Organizations like UNICEF and World Food Program are working to assist migrants in transit, by setting up water and sanitation facilities, emergency education camps, and community kitchens near the border. But aid efforts have been hampered by the lack of timely and reliable data about migrants in need, where they are, and the nature and size of their needs. “When this is lacking, it's very typical to have misspent resources, duplication of efforts, and a lack of reach to those who are truly most in need,” says Jeff Villaveces, the country head of iMMAP Colombia.

Currently, iMMAP supports humanitarian interventions by doing field surveys of settlements like Bendicion de Dios. But these surveys require a lot of manpower and time, and have limited coverage. The Colombian-Venezuelan border is over 2000 kilometers long, even longer than the US-Mexico border. With only seven formal immigration checkpoints along this border, countless migrants enter Colombia through unmapped roads or over mountain paths. This is why up to now, it is extremely difficult to keep track of new migrant settlements.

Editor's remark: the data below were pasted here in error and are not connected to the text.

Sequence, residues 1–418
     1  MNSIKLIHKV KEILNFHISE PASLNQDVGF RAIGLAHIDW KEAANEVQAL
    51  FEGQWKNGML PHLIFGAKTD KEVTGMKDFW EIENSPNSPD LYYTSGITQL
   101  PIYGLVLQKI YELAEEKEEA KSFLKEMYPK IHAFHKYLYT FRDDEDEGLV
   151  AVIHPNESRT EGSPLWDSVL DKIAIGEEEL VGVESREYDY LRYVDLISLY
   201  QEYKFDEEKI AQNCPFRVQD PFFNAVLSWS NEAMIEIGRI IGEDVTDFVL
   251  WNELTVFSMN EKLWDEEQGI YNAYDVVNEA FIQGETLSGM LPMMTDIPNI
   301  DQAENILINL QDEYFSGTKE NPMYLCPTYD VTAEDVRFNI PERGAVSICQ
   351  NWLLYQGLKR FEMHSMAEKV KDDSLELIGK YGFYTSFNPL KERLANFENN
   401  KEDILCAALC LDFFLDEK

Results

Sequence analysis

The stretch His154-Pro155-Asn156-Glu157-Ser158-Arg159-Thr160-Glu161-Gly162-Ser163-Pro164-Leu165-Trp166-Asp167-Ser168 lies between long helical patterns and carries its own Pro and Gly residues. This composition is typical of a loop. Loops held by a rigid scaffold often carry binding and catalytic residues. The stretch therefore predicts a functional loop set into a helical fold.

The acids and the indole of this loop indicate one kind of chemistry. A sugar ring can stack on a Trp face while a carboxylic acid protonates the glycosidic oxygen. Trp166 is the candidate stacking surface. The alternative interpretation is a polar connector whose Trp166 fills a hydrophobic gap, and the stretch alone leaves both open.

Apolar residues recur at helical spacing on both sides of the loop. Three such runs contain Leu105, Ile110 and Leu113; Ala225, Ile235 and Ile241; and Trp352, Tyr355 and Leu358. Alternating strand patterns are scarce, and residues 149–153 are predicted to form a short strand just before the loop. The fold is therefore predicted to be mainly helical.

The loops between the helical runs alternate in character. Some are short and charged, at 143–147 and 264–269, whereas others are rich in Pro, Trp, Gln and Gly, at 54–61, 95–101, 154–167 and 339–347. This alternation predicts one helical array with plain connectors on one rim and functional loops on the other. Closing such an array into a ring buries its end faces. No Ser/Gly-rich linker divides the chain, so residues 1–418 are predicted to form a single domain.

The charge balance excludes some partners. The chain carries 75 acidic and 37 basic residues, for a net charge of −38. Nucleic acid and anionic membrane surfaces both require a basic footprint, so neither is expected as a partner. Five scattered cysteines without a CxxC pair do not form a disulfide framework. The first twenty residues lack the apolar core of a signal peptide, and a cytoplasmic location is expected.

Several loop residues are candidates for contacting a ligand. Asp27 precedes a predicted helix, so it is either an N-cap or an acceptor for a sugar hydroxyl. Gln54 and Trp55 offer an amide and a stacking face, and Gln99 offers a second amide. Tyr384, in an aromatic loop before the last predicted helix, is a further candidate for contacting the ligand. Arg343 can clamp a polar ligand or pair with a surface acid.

The Colombian-Venezuelan Border is about as long as the distance between Aparri, Cagayan and General Santos City, in Mindanao.

The residents of Bendicion de Dios said that they have not received any kind of assistance since arriving in their community. "There are entire communities of hundreds and even thousands of Venezuelan migrants who have never received so much as the smallest assistance. This is truly shocking and is in part due to the massive scale of this migration from Venezuela," says Jeff of iMMAP.

To help address the issue, our team at Thinking Machines is working with iMMAP to use satellite imagery to more rapidly detect migrant settlements along the Colombian-Venezuelan border. These communities are growing so rapidly and across such a vast area that it's impossible for field teams to locate them all. There are very likely many more informal settlements like Bendicion de Dios that humanitarian aid agencies don't yet know about.

Timelapse images from Google Earth Pro show how rapidly some of these communities have grown in the past three years.